11. After an hour, the broth should be reduced, the pot should be brown, and the meat should be browned and caramelized.
  12. Remove the meat, separating the meat from the bones, and set both aside.
  13. Using the remaining liquid and a rubber spatula, deglaze the pan.
  14. Pour the liquid out of the dutch oven and strain out the vegetables and herbs, squeezing to make sure all of the juices are reserved. Pour into a fat separator; the liquid will separate into a demi-glaze layer and a bone-marrow/fat layer. Set aside.

The Filling

  1. Wash and dry the spinach.
  2. Place a high-rimmed pot on the stove over medium-high heat, coating the bottom in olive oil.
  3. Toast the garlic slices in the olive oil until lightly browned.
  4. Add the spinach and smash it into the bottom of the pan, which will release the water quickly.
  5. Season the spinach mixture with salt, turn off the eat, and stirr, allowing the residual heat to cook the spinach until it’s a glossy dark green.
  6. Add short-rib meat to a food processor, removing any sinew.
  7. Add cooked spinach and 1 cup parmigiano reggiano, and 1/4 cup of the reduced demi-glaze (from the bottom of the fat separator) and a few tablespoons of the fat. Add salt and pepper to taste.
  8. Puree the mixture until smooth.
  9. Taste and adjust seasoning as necessary.
  10. Add filling mixture to a piping bag, and chill in the refrigerator.


  1. Coat a sheet tray in semolina flour
  2. Unwrap dough; it should be bouncy, soft, and well-hydrated
  3. Cut the dough into quarters, and keep half covered
  4. Flatten the 1/4 of dough, trying to make it an evenly-flat rectangle or square
  5. Using your pasta machine, start at the 0 or widest setting and roll the dough through.  Flip the dough, and run it through again.
  6. Repeat this process with higher or thinner settings until you get to the eight setting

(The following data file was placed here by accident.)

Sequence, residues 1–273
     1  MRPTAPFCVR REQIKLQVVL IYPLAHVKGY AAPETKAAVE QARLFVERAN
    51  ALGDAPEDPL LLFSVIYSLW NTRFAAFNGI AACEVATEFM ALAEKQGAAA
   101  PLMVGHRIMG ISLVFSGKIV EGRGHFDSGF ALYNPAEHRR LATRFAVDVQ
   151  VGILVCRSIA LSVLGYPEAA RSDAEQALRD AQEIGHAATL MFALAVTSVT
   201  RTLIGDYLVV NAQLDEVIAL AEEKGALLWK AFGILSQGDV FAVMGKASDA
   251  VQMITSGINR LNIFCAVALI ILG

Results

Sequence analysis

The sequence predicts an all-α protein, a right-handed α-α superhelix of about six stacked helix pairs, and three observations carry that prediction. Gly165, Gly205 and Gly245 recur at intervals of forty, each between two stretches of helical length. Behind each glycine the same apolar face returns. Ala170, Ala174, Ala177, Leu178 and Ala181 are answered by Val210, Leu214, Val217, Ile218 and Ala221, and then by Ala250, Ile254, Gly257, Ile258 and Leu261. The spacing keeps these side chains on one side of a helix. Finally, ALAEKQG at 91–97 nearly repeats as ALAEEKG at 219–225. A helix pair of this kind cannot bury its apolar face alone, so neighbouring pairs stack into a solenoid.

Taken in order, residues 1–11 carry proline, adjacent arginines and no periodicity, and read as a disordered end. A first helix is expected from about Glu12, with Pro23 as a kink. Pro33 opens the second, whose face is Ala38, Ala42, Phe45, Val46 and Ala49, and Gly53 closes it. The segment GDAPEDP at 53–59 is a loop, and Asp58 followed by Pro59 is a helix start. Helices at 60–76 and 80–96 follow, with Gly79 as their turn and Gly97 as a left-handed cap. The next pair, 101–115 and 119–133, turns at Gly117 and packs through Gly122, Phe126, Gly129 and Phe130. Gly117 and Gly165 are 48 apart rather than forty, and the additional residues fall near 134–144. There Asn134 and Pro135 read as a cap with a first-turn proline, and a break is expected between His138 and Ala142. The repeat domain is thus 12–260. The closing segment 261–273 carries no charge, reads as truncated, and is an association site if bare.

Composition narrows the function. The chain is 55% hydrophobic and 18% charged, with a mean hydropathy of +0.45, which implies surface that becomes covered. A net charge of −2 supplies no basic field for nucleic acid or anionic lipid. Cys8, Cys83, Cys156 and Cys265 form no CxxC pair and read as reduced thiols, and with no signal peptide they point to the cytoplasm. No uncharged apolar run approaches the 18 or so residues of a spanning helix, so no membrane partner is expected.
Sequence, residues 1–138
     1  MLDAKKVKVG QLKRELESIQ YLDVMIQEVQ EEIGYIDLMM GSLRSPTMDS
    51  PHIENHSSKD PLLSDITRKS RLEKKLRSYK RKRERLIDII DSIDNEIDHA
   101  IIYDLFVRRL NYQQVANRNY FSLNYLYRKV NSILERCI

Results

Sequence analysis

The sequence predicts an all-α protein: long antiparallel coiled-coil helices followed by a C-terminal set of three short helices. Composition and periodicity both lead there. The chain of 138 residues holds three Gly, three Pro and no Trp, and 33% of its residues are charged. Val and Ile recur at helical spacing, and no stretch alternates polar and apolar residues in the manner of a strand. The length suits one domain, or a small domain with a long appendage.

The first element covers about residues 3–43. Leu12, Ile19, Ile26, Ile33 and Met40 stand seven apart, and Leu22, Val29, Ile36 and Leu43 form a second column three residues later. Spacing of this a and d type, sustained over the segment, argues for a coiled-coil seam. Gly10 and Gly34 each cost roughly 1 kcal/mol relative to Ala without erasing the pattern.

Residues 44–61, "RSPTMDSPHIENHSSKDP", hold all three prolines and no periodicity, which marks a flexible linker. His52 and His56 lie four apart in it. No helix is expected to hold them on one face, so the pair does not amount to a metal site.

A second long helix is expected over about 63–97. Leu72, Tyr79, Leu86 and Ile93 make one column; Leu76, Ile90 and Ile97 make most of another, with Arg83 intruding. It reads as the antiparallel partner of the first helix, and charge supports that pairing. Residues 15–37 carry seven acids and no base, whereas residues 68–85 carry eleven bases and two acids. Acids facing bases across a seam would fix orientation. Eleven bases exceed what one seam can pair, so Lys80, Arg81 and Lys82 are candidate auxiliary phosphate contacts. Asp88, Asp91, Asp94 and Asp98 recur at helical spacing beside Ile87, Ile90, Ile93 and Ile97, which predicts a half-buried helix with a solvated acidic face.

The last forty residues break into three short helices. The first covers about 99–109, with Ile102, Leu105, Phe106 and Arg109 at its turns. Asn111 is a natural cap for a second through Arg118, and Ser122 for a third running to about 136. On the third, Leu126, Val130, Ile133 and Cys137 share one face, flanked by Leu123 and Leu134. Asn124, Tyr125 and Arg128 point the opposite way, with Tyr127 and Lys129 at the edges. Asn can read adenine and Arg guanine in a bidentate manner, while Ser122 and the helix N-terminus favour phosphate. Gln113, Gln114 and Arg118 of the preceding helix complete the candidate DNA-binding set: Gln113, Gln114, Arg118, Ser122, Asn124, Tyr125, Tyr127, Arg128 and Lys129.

7. Once you have a nice long strip of dough, move it to the cutting board and cut it into 2-3 sheets, trimming the imperfect edges.

Filling the pasta

  1. Cut the tip off of the piping bag at about the thickness of your thumb.
  2. Pipe out 1-2 teaspoons of filing onto the past sheet, keeping a thumbnail of space between each piped filling.
  3. Once you’ve piped out a row of filling, spray the pasta and filling with water.
  4. Grab the edge of the dough closest to you and gently fold it over the filling to meet the other dough.
  5. With your index finger and your thumb, squeeze and pinch the space between each piece of filling, creating square pockets and sealing in the filling.
  6. Pass over a second time to pinch the flat pats between the fillings really well to ensure a good seal.
  7. Take the pasta cutter with the fluted side, and cut it on the flat side, about a thumbnail away from the filling.
  8. Pull the dough away from the board to ensure that it isn’t stuck.
  9. Spray the past again with water
  10. Cut in between each piece of filling, coming from the folded side, so that the pasta trimmer seals the remaining flap of dough
  11. Set on the sheet tray with the semolina

Cooking the finished pasta

  1. Bring a pot of water to a boil, when it’s boiling, add salt
  2. In a pan, add 1/4 cup of the demi-glaze, 1 cup chicken stock, and a splash of red wine, and reduce over medium heat.
  3. Once the water is boiling, add salt, and crank up the heat on the sauce to really reduce it.
  4. Add pasta to boiling water, reduce heat, and cook for 3 minutes.
  5. Using a spider, remove the past from the water and add it directly to the sauce.  Continue cooking on high heat and reducing the sauce to a thick glaze texture that coats the past.
  6. Turn off the heat, and add butter, slowly tossing until the butter is completely melted.
  7. Serve with Parmigiano Reggiano and any additional sauce from the pan

Alexi Chatzilias